In the past week, the Philippines saw a number of anti-drug operations carried out by the police in various locations. Around 80 people were killed during those operations. One stood out: a young boy of 17. The police say he shot at them with a .45 and was killed when they returned fire. However, CCTV footage allegedly shows that the boy was accosted by two police officers and followed by a third who took him to a secluded spot. Witnesses allege that the boy was intimidated, given a gun, told to run, and shot. The death has caused an uproar on social media. A rally has been scheduled on the 21st of August, the day when the country recalls the death of Sen. Benigno Aquino, Jr. The event that spelled the beginning of the end of the Marcos regime.
However, there are two sides to every story and the truth, they say, is somewhere in the middle. One side has the boy as an innocent victim of police abuse in the War on Drugs; while another view says that the boy is far from innocent and was in fact involved with illegal drugs. Some versions of the latter story has his father as the dealer and the boy, a runner for his illegal drugs business. Some say he is, himself, a dealer, while others have him as a mere user. Even if this story is true, whatever version it may be, does that fact prove the alleged CCTV and eyewitness accounts wrong? Hardly. At most, it only shows that he was not the innocent people think he was but how does that change the whole thing?
Even if someone, anyone, is known to be a pusher, runner, dealer or user of illegal drugs, does it make it right to bring him to an isolated spot, give him a gun, order him to run and shoot him? Even assuming he is guilty, is it necessary to kill him? What’s the point?
In the first place, if he is actually known to be involved in illegal drugs, then wouldn’t it be easier to find witnesses and other evidence against him, prosecute him, and send him to jail?
Further, if they want us to believe that he was armed with a .45 and took a shot at them, then they first have to convince us where in the world he hid it considering the way he was dressed at the time. If they will also insist on such an out of this world idea, then we will have to question their ability to comply with police procedures because we have to ask: didn’t they search the boy before they walked away with him? There were two with him followed by another. Three cops who failed to observe simple police procedures? It is easier to believe that they were in fact intentionally disregarding police procedures taking the boy away as they did that night. That’s the suspicion anyway.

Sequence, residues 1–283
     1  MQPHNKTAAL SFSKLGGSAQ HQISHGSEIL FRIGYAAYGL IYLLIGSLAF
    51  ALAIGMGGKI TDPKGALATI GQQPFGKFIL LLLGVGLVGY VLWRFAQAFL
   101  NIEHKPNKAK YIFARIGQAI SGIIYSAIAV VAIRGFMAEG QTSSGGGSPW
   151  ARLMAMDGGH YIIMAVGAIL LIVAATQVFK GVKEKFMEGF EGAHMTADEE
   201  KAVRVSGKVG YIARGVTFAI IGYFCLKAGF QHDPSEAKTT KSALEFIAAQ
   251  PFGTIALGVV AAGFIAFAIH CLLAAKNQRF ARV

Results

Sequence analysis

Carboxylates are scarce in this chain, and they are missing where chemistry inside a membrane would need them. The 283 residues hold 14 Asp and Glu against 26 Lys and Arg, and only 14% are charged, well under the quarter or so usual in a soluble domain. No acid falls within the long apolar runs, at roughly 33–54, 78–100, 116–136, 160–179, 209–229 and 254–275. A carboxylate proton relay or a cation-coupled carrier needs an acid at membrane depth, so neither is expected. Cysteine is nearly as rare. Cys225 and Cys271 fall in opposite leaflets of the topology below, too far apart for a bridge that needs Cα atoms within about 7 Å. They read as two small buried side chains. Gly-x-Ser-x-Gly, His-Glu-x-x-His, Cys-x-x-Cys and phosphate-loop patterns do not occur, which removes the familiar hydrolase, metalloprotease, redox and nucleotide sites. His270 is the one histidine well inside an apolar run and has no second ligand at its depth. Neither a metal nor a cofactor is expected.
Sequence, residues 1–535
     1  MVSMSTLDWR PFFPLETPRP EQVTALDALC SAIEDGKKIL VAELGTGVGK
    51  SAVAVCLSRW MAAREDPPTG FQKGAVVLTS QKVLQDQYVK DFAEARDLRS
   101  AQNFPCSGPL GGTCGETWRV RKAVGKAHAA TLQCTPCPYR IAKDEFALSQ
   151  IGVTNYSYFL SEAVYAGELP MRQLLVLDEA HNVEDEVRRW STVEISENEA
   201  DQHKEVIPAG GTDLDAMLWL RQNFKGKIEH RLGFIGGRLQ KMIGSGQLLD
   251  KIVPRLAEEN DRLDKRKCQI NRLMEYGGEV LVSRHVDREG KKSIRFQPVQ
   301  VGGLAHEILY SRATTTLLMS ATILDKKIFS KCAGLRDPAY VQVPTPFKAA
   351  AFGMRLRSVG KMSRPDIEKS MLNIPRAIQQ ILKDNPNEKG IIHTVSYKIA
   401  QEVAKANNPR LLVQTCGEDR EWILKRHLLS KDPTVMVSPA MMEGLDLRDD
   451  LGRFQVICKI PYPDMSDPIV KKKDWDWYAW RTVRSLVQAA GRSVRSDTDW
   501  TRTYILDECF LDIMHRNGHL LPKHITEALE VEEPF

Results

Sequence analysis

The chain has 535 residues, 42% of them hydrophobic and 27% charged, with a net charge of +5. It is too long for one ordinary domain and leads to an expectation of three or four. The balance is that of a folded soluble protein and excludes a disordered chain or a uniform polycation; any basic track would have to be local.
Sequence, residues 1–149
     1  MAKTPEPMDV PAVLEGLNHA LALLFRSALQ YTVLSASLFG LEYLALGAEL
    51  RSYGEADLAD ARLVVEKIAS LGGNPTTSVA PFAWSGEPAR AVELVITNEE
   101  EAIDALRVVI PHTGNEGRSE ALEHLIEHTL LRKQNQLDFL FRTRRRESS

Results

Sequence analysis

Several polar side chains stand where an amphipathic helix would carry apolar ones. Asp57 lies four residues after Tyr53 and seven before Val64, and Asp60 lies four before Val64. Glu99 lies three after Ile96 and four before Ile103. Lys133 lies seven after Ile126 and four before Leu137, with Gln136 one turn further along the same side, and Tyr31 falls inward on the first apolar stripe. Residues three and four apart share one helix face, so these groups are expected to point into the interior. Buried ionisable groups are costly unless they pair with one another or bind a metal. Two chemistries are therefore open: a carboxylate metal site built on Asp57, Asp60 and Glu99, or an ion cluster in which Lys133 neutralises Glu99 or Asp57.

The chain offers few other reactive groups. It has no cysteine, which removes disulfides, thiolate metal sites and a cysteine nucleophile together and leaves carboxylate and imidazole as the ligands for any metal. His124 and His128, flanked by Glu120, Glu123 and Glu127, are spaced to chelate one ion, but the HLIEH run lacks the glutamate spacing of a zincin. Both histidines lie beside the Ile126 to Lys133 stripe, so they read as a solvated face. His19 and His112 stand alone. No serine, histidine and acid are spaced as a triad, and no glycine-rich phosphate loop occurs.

Finally, did they think that killing one person will put the fear of God in other pushers, dealers, runners or users? I think not. They live with that fear every single day of their lives and in all probability have accepted it. So, who actually fears such unnecessary killing? It is the innocents. Now they fear the police who they see as out of control, picking people off the streets and shooting them to add another statistic to the War on Drugs. Reuters, the BBC and Al Jazeera all posted articles showing how police officers (and gun for hires) are getting paid for every kill in the War on Drugs. Scratch one more to the tally.
Was that the whole point of the killing then? When the president says that if they kill 32 a day, they solve the drug problem in the country, was this their contribution to the 32 required? Was the boy killed for a scorecard? Was he killed just for a few pesos?
Here’s the thing: somehow, somewhere, someone is going to say enough is enough and take action. That action can be as simple as a non-violent protest march to, God forbid, violent revolution. What it will be depends largely on how much more the country can take. An article on the Internet says that to eradicate inequality, you need large scale famine or pestilence to kill off large swaths of the population. That, or violent revolution of the Russia or China kind. We don’t have pestilence anywhere. Violent revolution though may just be around the corner.
Something else to be fearful of…